A valuable place for registries is to monitor practice and its variation;10,11 the institutional pneumonectomy rate in Norway varies from 45% to 9.5% of lung resections. The overall resection rate of 16.4% reported is much higher than current UK practice but may be lower than USA rates. Recent data in Thorax illustrated wide international variation in the resection rate from 7% in Teesside, UK to 24% in Varese, Italy.11
The hot topic of surgeon and institutional volume versus outcome can also be explored. In this report, as in our own analysis of UK data,12 there does not appear to be a “volume effect” with respect to lobectomy, at least not in the narrow terms of perioperative mortality. We concluded that this is perhaps because the surgeons who do few lobectomies nonetheless work within cardiothoracic units and frequently perform complex procedures in the chest. That said, the Norwegian data contain operations performed by general surgeons as well as thoracic surgeons.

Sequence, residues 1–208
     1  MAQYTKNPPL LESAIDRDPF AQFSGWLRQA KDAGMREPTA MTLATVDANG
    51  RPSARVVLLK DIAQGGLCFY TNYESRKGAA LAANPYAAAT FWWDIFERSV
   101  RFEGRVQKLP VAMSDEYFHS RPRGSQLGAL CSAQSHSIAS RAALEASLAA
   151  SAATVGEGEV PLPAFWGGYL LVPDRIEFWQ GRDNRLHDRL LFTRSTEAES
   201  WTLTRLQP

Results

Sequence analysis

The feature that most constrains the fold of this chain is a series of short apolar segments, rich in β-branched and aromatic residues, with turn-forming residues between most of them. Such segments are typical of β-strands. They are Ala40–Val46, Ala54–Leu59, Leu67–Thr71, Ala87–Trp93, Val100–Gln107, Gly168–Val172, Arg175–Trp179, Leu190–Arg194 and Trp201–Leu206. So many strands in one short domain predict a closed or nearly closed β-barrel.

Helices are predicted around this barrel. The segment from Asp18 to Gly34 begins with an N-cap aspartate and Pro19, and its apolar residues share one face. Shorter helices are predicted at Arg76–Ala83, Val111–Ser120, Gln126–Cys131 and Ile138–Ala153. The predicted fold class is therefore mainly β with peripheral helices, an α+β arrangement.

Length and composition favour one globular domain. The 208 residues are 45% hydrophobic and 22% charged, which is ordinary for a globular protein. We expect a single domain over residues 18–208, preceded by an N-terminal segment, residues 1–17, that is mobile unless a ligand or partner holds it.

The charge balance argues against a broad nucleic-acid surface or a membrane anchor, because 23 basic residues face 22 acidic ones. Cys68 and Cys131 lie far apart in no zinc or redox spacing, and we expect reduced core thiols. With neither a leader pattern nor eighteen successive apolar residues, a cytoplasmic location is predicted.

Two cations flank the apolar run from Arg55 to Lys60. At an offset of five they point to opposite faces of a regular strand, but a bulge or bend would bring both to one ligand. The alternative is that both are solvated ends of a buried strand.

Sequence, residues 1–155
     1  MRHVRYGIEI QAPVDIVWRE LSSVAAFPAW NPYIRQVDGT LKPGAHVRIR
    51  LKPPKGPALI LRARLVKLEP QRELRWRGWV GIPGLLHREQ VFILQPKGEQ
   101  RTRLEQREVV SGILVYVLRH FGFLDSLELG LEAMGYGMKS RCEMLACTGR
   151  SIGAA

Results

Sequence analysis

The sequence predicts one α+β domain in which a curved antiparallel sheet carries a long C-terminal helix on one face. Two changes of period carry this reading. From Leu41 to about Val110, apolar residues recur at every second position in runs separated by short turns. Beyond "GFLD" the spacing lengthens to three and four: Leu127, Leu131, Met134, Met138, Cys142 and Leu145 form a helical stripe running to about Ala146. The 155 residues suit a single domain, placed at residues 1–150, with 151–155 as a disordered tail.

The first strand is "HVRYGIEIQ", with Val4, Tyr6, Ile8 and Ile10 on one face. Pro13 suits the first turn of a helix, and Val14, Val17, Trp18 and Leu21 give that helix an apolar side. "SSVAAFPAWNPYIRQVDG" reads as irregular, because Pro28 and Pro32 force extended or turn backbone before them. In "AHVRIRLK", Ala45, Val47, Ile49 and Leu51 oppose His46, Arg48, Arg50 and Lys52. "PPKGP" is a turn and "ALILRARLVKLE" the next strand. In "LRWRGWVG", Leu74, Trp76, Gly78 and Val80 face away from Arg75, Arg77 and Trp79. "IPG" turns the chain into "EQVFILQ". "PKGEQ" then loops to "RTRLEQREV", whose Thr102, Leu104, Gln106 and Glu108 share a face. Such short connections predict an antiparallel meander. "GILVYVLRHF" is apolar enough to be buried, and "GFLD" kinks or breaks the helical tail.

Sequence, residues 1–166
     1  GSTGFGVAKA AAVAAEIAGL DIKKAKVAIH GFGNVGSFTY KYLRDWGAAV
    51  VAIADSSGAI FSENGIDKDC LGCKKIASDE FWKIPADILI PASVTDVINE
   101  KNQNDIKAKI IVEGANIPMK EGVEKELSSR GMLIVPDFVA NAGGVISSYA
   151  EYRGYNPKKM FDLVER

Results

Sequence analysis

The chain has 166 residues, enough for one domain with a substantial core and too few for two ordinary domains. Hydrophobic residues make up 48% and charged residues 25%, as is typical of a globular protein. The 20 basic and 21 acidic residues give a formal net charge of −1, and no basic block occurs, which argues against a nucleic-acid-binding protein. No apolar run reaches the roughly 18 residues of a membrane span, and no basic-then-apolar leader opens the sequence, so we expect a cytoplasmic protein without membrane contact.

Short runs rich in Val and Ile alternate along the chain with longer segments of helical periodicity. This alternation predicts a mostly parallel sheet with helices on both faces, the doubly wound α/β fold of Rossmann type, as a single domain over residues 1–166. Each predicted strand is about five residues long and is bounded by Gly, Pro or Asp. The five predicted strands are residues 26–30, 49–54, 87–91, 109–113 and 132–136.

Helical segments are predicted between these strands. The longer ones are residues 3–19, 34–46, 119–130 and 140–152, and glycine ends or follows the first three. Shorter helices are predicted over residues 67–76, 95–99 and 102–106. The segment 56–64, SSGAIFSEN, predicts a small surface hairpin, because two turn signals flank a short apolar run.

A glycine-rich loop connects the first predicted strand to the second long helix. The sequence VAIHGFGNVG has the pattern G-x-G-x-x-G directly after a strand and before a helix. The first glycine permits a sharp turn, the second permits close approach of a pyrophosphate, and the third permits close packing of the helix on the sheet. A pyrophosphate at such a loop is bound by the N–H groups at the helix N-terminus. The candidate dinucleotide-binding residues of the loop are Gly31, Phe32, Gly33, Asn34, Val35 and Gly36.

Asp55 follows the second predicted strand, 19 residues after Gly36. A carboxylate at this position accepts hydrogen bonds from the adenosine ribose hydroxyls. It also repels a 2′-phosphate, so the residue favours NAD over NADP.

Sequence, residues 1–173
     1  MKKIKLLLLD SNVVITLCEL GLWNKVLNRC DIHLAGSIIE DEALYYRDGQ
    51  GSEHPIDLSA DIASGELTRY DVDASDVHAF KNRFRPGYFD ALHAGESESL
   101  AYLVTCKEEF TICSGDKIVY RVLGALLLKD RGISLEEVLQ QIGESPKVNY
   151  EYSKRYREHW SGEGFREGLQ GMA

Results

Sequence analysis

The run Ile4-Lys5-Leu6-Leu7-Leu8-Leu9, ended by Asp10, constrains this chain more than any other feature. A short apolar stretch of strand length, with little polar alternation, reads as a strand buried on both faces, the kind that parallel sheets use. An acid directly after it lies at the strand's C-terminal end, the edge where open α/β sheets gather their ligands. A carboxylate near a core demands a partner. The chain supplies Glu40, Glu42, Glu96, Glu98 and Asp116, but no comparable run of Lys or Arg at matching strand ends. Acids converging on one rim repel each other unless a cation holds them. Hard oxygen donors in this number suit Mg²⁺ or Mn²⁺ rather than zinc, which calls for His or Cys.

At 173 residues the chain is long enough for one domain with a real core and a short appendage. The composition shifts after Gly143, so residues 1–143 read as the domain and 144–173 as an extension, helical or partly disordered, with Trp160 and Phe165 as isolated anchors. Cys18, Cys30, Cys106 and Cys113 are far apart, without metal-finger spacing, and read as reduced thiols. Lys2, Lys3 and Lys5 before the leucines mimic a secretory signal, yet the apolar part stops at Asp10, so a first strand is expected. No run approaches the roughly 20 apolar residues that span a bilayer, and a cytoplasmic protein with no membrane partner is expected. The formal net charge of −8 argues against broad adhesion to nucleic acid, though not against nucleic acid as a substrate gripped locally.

However, there are dangers in drawing inferences from differences in outcome between distinct groups. For example, patients who had an upper lobectomy fared better than those who had a lower lobectomy. While this information may be of use in advising patients, it is not a choice available to either patient or surgeon—it is mandated by the site of the cancer. The stress placed on the observation that there was a poorer outcome after pneumonectomy is perhaps inappropriate for similar reasons. This may be because pneumonectomy patients have more extensive cancers, additional morbidity associated with the complications of the pneumonectomy space, or worse survival with less lung parenchyma. The research question would be: for patients in whom both lobectomy and pneumonectomy are options, which operation is associated with a better outcome? We cannot answer this from observational data. Likewise, to perform a sublobar resection is a surgical choice, most likely to be done in patients with co-morbidity. As far as this clinical decision is concerned, it is one of the very few circumstances for which we have randomised trial data13 which show that the quicker and simpler sublobar resection is performed at a price; there is more local recurrence and reduced survival. The observational data are in line with this conclusion, but one cannot infer that sublobar resection is never the correct option; indeed, for many patients it may be the only viable surgical option. Strand et al set out the hazard ratios associated with cancer and patient specific explanatory variables (histological type, tumour size, pTNM) alongside factors relating to clinical decisions (table 2), making no distinction between them. To reduce the potential for inappropriate inference, we would favour separate presentation of such data.